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Cerebral Palsy

It is a neurological disorder of childhood with non-progressive broad spectrum motor disorder and neurological signs with brain damage which may be static and occurs in early life.

A persistent but not unchanged disorder of Posture, Movement, Muscle tone and Motor activity caused by damage to developing nervous system before/during birth and early months of infancy.

Incidence rate is 1.3 per 1000 births. Both sexes are equally affected. CP infants are usually slow in developmental milestones such as rolling over, sitting, crawling and walking.


• Premature babies (Pre-term infants show brain damage mostly)

  - Due to trauma during delivery

  - Due to immature respiratory and cardiovascular system causing hypoxia and low BP after delivery.

  - Infant with low blood sugar and Jaundice.

  - Due to immature liver.

• Asphyxia

  - Accidents in infants

  - Accidental birth

  - Knotting at umbilical cord at birth

  - Umbilical cord around neck at birth

  - Prolapsed cord

  - Antepaturum hemorrhage

• Trauma (complications during labour)

  - Disproportion of babies head and shoulders to pass through birth canal.

  - Inappropriate forceps delivery

  - Inappropriate breech delivery

  - Rapid delivery may lead to rupture of skull and brain damage in soft skulled babies.

• Severe Jaundice after birth (High level unconjugated bilirubin in blood damages basal ganglia of brain leading to athetoid syndrome.

• Hypoglycemia (Leads to epilepsy and cerebellum damage and vision problems)

• Intra-uterine virus infections like Rubella, Cytomegalo etc

• Neonatal meningitis

• Multiple births (Twins, Triplets)

• Hereditary and genetic conditions.

• Thyroid disorder

• Low birth weight infants

• Rh factor incompatibility (Difference in blood between mother and fetus lead to brain damage in fetus).


This is based on the areas of brain damage and movement impairments in the child.

Spastic tetraplegia

  - All four limbs affected more/less equally. Most common type.

  - Lying abnormalities, Sitting and Standing affected.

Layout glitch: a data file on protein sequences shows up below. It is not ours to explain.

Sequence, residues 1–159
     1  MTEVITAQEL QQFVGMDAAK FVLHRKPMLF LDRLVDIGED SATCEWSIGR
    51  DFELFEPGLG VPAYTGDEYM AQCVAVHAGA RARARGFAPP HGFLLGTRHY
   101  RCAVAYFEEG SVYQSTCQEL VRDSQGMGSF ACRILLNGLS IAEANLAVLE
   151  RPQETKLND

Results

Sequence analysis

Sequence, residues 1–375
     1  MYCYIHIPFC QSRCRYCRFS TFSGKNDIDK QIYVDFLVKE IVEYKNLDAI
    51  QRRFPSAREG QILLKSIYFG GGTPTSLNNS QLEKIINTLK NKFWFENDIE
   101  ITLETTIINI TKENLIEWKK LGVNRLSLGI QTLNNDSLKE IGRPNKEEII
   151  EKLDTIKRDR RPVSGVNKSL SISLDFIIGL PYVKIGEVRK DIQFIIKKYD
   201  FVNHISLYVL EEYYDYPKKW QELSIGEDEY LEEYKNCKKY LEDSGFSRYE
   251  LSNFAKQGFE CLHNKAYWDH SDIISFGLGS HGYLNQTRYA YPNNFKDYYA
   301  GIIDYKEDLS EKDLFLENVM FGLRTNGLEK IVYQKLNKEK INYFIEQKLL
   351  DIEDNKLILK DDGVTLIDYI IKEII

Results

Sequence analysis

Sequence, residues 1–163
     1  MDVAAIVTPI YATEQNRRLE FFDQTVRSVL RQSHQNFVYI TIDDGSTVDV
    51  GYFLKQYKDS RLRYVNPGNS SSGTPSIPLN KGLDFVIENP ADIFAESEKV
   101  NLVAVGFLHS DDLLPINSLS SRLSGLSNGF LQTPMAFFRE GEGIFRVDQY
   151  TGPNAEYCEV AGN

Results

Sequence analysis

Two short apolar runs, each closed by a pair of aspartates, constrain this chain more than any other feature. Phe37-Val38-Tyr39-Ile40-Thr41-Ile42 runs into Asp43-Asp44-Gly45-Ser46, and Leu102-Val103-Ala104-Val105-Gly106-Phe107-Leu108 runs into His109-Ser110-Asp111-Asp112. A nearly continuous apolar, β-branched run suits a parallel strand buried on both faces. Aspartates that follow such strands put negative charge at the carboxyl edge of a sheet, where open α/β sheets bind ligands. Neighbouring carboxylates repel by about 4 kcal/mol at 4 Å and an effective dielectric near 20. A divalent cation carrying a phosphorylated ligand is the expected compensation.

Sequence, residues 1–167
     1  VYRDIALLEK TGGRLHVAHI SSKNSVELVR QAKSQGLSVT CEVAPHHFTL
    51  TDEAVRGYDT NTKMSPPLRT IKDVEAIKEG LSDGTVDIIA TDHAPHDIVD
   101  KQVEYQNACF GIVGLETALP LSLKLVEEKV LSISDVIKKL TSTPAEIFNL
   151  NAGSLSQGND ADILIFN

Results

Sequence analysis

- May also have hemiparetic tremors, Mask faces, Shaking of limbs and impairment of one side of body.

  - Fixed knee and joint deformities seen.

  - Difficulty in Speech, Visual abnormalities, Difficulty in eating etc.

Spastic triplegia (3 limbs affected)

Spastic diplegia

  - Lower body is affected with little/no upper body involvement.

  - Occurs due to hemorrhagic infarct of periventricular areas of brain.

  - Bilateral symmetrical weakness seen within one year of life.

  - Sitting and Walking movements delayed.

  - Intelligence, Speech, Feeding, Social functions not affected.

  - Lower limb abnormality – Ankle plantar flexion

                                        Knee extension

                                        Hip adduction and internal rotation

  - Scissors gait seen. Near sighted vision occurs.

Spastic monoplegia (only one single limb is affected)

Spastic hemiplegia

  - Only one side of body affected and they are self-sufficient.

  - Most ambulatory and can be trained within 2 yrs.

  - Lean towards one side i.e. unaffected side.

  - Balance, Co-ordination and Symmetry is affected.

  - Face and hands affected. Dynamic equines prevented by using Ankle-foot orthotics


  - Occurs due to cerebellum (UMNL).

  - Hypotonic (Decreased muscle tone)

  - Visual symptoms affected.

  - Hearing impairments

  - Speech altered

  - Mental defects


  - Occurs due to basal ganglia damage, Asphyxia.


• Abnormal muscle tone/ Hypotonic/ Spastic.

• Infantile/primitive reflexes (may disappear within 3-6 months after birth).

• Bone and Joint deformities along with contractures.

• Abnormal movements –  jerky/abrupt slow

• Unsteady gait.

• Balance problems.

• Decreased muscle mass.

• Scissors walking.

• Improper posture.

• Mental retardation.

• Learning disabilities.

• Behavioral disorders.

• Speech and language disorders.